Chris Huhne wants a major expansion of onshore wind farm development to meet green targets
Sunday January 22,2012
By Kirsty Buchanan
A NEW cross-party campaign group is to be set up in Westminster to demand the Government drops its support for thousands more wind farms.
Energy Secretary Chris Huhne wants a major expansion of onshore wind farm development to help Britain meet green targets.
Backbench MPs from all parties will brand heavily subsidised onshore wind farms inefficient, expensive and a major blight on the landscape.
They will urge Ministers to re-think a policy which will add £280 to the annual energy bill of hard-pressed homeowners by 2020.
Tory Chris Heaton-Harris, Daventry MP, is the driving force behind the new parliamentary pressure group.
He said: “Ministers need to look at this policy again. It is an inefficient technology, it adds to the bills of consumers, it harms the balance of the National Grid, it is the wrong renewable for the UK. We need a change of policy.” Britain is the only country in the world to have signed up to cut CO2 emissions by 2050. The pledge, enshrined in the Climate Change Act, requires a major expansion of wind farm development bankrolled by taxpayer subsidies.
It is an inefficient technology, it adds to the bills of consumers, it harms the balance of the National Grid, it is the wrong renewable for the UK
Official figures from the Department for Energy and Climate Change suggest up to 32,000 more wind turbines could be erected in the next 20 years, of which 6,000 would be onshore sites.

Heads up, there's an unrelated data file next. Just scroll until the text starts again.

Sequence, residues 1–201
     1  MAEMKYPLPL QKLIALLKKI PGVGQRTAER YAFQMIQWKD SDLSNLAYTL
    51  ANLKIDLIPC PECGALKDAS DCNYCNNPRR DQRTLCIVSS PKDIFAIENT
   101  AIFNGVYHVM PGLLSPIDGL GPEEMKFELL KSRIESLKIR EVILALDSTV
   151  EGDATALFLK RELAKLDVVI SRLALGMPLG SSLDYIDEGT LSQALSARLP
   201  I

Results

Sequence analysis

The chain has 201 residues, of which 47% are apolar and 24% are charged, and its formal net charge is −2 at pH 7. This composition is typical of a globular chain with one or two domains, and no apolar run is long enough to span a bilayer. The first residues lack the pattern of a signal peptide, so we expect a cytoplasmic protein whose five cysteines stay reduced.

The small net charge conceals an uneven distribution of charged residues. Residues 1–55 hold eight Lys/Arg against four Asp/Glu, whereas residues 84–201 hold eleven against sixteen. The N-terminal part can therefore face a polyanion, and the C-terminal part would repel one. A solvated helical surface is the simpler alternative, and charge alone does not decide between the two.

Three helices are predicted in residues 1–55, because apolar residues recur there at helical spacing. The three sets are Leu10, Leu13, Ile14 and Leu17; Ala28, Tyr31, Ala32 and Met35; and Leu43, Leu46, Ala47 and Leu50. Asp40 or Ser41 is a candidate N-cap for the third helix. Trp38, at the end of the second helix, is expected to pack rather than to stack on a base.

At present, there are about 3,000 onshore wind turbines with a few hundred off shore. They generate less than two per cent of the nation’s power and are frequently brought to a standstill by too cold or too windy conditions.
MPs have grown alarmed by a trend for onshore wind farm applications to be approved on appeal because of Mr Huhne’s target, even when inspectors concede they will be a blight.
Last month a planning inspector approved a turbine farm overlooking the Battle of Naseby site in Northamptonshire, even after he admitted it would “harm” the historic setting. The proposal from German firm E.ON for six 415ft turbines was rejected by Daventry District Council but national planning inspector Paul Griffiths overturned the ruling.
In the Lords last week, Lord Naseby, patron of the Naseby Battlefield Project, urged Communities Secretary Eric Pickles to call in the decision, which he said would devastate the view of the Civil War battlefield.
“We do not have the funds to challenge in the High Court. However, the Secretary of State has the right to call it in at any point,” he said.
Each year thousands of tourists visit the site of the 1645 battle in which Oliver Cromwell’s New Model Army destroyed the forces of King Charles I.
It was a turning point in British history, and the site was heralded as “the birthplace of democracy in England” by Lord Peter Brooke of Sutton Mandeville.
Raising the issue in the Commons last month, Mr Heaton-Harris, whose constituency includes the site, said it was “unbelievable that one planning inspector can overrule all elements of democracy” because of the “particularly poor policies we have”. He added: “That is what upsets people about the onshore wind industry. The sooner that can change, the better.”